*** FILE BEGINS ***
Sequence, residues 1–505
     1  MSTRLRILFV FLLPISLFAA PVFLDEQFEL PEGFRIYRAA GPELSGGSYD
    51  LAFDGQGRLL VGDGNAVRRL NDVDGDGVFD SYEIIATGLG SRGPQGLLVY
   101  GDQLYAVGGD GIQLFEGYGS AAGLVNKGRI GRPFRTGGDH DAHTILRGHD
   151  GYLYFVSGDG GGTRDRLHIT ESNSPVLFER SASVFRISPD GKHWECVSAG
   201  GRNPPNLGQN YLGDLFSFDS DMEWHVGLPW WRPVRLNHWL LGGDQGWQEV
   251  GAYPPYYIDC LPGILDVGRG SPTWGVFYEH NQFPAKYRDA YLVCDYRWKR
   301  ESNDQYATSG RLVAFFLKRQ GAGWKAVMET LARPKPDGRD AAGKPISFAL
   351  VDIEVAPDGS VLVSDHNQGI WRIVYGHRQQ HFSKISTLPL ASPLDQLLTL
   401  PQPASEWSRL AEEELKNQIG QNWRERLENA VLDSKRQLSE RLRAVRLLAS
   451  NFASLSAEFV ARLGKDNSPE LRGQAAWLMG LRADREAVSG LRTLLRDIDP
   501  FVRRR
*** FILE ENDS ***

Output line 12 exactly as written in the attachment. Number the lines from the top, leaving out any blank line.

   501  FVRRR